make sure that you see ALL surrounding areas not just one or your decision making will be affected. In many areas there are simply no “well known” real estate firms or firms that advertise on the internet OR who even speak English. (keep in mind that “everyone” is a realtor in Costa Rica , or at the very least, knows someone that is selling property). But it is imperative that in order to find the best pricing you need SOMEONE who knows the area and can at least ferret out good prices.

Several important points:
1. Ticos prefer to live on a main road. They do not all have cars and generally prefer to purchase something smaller and on a bus line. (smaller properties, i.e., those under 5000 sq. meters, can only be legally purchased if on a main or principle road).

2. The average Tico family makes perhaps between $500 and 700 per month. Most Ticos cannot afford the same properties that gringos can. This should be self explanatory except that most gringos do not even consider it when thinking about purchasing.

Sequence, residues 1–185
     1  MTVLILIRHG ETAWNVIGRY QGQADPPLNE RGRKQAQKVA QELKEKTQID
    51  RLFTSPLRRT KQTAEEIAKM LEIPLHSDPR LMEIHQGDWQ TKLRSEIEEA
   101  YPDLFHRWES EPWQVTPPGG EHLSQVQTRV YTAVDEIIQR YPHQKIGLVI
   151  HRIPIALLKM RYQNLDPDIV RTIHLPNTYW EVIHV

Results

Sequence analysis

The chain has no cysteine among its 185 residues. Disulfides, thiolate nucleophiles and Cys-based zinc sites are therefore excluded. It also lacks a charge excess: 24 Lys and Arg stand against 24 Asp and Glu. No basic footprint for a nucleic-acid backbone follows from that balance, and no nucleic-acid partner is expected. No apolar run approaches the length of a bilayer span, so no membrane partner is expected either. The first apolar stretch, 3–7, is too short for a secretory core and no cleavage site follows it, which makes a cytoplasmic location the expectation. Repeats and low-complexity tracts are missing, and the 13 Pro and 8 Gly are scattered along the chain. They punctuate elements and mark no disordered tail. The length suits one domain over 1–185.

3. 95% of gringos prefer properties that offer privacy, and yet still offer convenience and security…and of course , we all want a view AND a river! And certainly at least an acre or two. Be specific with your WANT list. Make sure that you know exactly how much a new road will cost or new power lines to your dream property. It has to be factored in. When my wife and I were looking for property and made the discovery that it was going to be nearly impossible to find an existing house to buy…we utilized the services of a local tour guide to help find property. We did not find out until later that we overpaid for our property by almost double. We are still not sure who pocketed the difference between the sales price and what the actual price SHOULD have
been…and at this point it does not matter except to serve as an illustration and a warning to others in the same position.

4. Do not be in a hurry to buy. Rent if possible and get to know the area.

5. Ultimately you will have to hire someone to help you find property. But… ( and this is crucial ) be sure to let this person know that you are aware that the seller will most likely be giving “your employee” a commission and that you will expect to be able to verify the exact sales price. You may even tell this person that your attorney will need to verify the price. It is imperative that your employee know that you know exactly how the system works . It will not ensure that games will not be played but it will help.